Obsidian's gargantuan, crowd-funded RPG epic is here. You might want to quit your day job
I can barely stand. I’ve got vitamin deficiencies, my eyes are bleary and unfocused. I think I might have deep-vein thrombosis, and I definitely have carpal tunnel syndrome. I’ve just finished the colossal, monstrously huge Pillars of Eternity in time to write this review. And once I’ve finished doing that, I think I might just start the whole damn thing over again. Rest assured, Kickstarter backers and CRPG fans, Pillars of Eternity is just as great as you hoped it would be. Just be thankful you don’t have a deadline to finish it in.
Pillars of Eternity
Obsidian's gargantuan, crowd-funded RPG epic is here. You might want to quit your day job.
You are a stranger newly arrived in the country of Dyrwood, a huge landmass dotted with colonial settlements and ancient ruins. The war between foreign settlers and the native Glanfathans (a Celtic influenced spin on Native American tribes) has technically ended, but understandably the locals are still far from happy at intrusions on their holy sites. There’s so much going on in the world that attempting to sum up the backstory would take me about six pages, but suffice to say that along with the ongoing colonial tension there’s the fallout from a religious war that’s very nearly torn the fledgling Dyrwoodan nation in two. Then something happens to you, something which inextricably links you to the fortunes of the entire country, maybe even the world. This is an RPG after all.
Given free reign to design their own universe, the team at Obsidian have created a stunningly well-realised fantasy world, one which maintains a lot of the core elements fantasy fans will be familiar with, but gives them some really interesting twists. I love the switch over to a late middles ages setting, allowing for the introduction of firearms and Renaissance-era armour. The game’s theology is dark and complex, with a pantheon of gods far less binary in disposition than the good versus evil deities of traditional D&D. Without wishing to spoil the story, which touches on this pretty heavily, themes of reincarnation, death, rebirth, and the nature of a being’s soul are prominent. The writing is uniformly excellent, complex and full of ideas, and crucially it treats the player with respect; tonally it feels a lot closer to the metaphysical and spiritual musing of Planescape: Torment than the high fantasy of Baldur’s Gate.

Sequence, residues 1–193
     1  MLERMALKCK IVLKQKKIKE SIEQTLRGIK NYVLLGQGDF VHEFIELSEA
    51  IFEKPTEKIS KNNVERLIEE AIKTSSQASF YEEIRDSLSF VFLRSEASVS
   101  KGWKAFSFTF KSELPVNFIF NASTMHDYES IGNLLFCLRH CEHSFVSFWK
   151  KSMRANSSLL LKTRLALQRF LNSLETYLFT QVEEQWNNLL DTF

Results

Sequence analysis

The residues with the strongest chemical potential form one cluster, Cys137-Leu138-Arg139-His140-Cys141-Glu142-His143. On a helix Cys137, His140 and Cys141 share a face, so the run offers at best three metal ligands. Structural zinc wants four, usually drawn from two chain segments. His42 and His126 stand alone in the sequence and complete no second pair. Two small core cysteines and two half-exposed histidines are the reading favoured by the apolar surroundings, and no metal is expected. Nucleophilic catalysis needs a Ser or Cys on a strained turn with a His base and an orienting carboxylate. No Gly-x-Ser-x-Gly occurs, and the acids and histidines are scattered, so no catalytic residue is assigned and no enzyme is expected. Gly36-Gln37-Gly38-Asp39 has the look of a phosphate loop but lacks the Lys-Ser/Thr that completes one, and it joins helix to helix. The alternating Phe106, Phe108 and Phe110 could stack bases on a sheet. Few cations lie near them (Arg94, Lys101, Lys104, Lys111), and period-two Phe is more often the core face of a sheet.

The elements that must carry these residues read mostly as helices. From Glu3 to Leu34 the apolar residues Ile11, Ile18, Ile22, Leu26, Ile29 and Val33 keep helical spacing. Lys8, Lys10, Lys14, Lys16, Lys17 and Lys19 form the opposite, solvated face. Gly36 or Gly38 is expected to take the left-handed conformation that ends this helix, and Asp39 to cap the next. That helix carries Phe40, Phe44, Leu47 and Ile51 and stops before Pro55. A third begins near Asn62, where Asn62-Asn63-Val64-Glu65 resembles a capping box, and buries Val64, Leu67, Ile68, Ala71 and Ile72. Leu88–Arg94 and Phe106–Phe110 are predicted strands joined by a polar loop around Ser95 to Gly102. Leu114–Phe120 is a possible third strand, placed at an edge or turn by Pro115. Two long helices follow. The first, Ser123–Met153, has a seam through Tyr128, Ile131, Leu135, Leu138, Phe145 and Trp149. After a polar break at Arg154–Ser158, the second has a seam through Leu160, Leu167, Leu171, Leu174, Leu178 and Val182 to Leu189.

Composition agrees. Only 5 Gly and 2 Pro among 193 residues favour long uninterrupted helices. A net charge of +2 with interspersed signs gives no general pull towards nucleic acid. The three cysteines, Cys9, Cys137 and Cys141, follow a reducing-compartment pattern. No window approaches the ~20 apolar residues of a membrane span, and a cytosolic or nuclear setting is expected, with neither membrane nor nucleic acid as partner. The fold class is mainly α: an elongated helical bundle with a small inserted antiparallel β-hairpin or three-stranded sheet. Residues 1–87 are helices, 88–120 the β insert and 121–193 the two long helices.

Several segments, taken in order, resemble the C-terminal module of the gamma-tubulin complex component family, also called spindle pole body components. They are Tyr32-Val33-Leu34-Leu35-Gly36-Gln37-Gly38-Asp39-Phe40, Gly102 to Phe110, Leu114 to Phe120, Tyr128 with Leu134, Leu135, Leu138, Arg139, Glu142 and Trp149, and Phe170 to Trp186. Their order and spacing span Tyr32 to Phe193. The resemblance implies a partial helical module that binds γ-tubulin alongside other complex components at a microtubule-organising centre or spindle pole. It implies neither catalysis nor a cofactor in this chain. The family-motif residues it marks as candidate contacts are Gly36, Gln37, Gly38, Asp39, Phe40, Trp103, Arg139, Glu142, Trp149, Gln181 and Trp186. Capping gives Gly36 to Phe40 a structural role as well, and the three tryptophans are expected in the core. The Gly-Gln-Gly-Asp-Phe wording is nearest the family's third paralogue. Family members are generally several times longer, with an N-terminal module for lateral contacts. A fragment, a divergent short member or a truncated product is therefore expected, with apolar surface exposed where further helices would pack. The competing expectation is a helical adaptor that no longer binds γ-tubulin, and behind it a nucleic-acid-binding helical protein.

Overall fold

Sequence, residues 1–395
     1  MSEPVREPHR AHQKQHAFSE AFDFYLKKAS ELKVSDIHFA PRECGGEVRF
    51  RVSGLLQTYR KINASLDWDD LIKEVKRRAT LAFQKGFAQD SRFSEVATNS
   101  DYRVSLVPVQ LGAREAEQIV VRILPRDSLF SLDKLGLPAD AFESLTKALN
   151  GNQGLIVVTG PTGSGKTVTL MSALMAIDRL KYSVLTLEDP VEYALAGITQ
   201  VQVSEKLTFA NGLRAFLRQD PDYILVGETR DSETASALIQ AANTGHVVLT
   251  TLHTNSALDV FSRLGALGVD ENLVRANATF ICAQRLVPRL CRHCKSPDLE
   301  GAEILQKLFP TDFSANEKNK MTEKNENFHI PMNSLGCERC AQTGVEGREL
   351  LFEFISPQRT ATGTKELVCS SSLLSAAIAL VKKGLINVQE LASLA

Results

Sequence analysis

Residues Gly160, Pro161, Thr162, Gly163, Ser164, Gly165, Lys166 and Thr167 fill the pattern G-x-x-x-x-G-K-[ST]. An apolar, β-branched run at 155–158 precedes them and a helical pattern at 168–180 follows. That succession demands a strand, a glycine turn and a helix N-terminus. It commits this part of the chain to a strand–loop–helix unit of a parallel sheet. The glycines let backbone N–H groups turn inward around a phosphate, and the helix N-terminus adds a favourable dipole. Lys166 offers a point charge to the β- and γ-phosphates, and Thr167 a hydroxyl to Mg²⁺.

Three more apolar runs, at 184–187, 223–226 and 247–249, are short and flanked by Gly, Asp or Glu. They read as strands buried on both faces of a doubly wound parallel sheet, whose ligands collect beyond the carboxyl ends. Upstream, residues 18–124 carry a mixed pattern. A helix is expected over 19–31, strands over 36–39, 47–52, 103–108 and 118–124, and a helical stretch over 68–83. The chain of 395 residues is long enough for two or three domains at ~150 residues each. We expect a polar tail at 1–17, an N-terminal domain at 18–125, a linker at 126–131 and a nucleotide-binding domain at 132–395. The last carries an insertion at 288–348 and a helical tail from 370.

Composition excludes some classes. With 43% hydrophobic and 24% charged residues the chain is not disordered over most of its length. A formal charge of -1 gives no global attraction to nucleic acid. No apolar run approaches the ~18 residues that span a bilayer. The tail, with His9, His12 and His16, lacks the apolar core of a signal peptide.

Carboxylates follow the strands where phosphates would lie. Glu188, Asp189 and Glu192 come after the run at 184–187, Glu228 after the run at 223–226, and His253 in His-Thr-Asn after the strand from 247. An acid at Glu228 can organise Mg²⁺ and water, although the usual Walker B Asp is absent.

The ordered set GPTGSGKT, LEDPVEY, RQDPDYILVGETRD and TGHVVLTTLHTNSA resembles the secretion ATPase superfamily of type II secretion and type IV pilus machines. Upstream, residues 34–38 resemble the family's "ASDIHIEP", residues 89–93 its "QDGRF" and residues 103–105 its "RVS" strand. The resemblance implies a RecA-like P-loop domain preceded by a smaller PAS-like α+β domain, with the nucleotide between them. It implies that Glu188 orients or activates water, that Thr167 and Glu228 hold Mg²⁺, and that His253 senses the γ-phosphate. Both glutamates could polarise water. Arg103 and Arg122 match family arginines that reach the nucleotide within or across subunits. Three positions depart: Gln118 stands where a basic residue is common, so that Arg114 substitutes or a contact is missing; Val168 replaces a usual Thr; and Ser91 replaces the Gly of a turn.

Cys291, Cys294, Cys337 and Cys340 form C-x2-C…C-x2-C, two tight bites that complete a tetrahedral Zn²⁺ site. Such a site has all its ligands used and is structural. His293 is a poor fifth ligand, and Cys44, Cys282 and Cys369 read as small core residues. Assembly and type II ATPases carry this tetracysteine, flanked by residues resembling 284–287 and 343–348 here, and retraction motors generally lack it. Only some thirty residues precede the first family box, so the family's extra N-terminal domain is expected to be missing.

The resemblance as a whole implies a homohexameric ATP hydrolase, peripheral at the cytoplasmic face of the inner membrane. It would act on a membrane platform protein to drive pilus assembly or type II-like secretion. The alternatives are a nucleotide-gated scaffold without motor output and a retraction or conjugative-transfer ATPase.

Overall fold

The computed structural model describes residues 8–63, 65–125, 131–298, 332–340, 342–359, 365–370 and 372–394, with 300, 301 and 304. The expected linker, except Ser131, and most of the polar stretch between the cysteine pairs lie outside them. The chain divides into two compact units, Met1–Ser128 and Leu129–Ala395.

Here's my brave troupe of adventurers, fresh back from kicking a dragon in the fruits
The plot itself takes a little while to get going, but once the rousing second act climax plays out it builds up to a fascinating, absorbing conclusion. There’s an excellent villain (though he’s not the cackling, moustache-twirling sort, has his own motivations and is all the more effective for it), plenty of neat twists in the tale, and lots of opportunities for the player to impact proceedings. I barely had the time for one playthrough for this review, but I’m itching to start over with a new character and make some different choices to see how the story shifts.
A quick word on the art style; this game is one of the most beautiful things I’ve ever played. Those ultra-crisp painted backgrounds are so sharp and detailed you could almost sink into them, each map sketched with painstaking detail and care. Waterfalls roar past ancient, moss-covered ruins, sun twinkling on the rushing river below. Deer skitter away as your party heads deeper into the woods, bursting into a clearing where a group of Glanfathan hunters wait with axes and bows drawn. I’m gushing, I know, but for all the high-tech wizardry of modern RPG engines, there’s something magical about the painterly style of Pillars. Each new map you encounter is another treat to be savoured as you slowly strip away the fog of war. The visual design, down to the weapon and armour models, is cohesive and beautiful. I want to explore more of this world. I’m aching to do so.
Character creation is robust enough that I spent hours choosing my character’s race and finer background details. Classes range from your familiar fighters and barbarians (good at hitting stuff in the face with bits of metal), to wizards and priests (spell-flingers), and more esoteric classes like ciphers and chanters. The latter possess some of the most interesting mechanics in the game. They can create songs out of various magical phrases, generating buffs and beneficial effects as they sing. Build up enough of these phrases and you can release a powerful spell, summoning skeletons or blasting enemies with thunder. You can even name your favourite tracks, marching around the fantasy landscape summoning up storms with your voice like a kind of medieval Tom Jones. It’s great.
This battle is really dragon on, isn't it guys? ...guys? 'sound of axe impacting on skull'
Mechanics like this showcase Obsidian’s more creative system designs, but in truth each class has a bunch of really cool abilities that makes them feel powerful in their own right. Fighters, the vanilla choice for most newcomers to this kind of game, are no longer the sword-swinging training dummies they were in the Baldur’s Gate series, and instead pack a handful of abilities that allow them to lock down enemies, knock them prone, or charge into the fray to get up close and personal with an enemy as quickly as possible.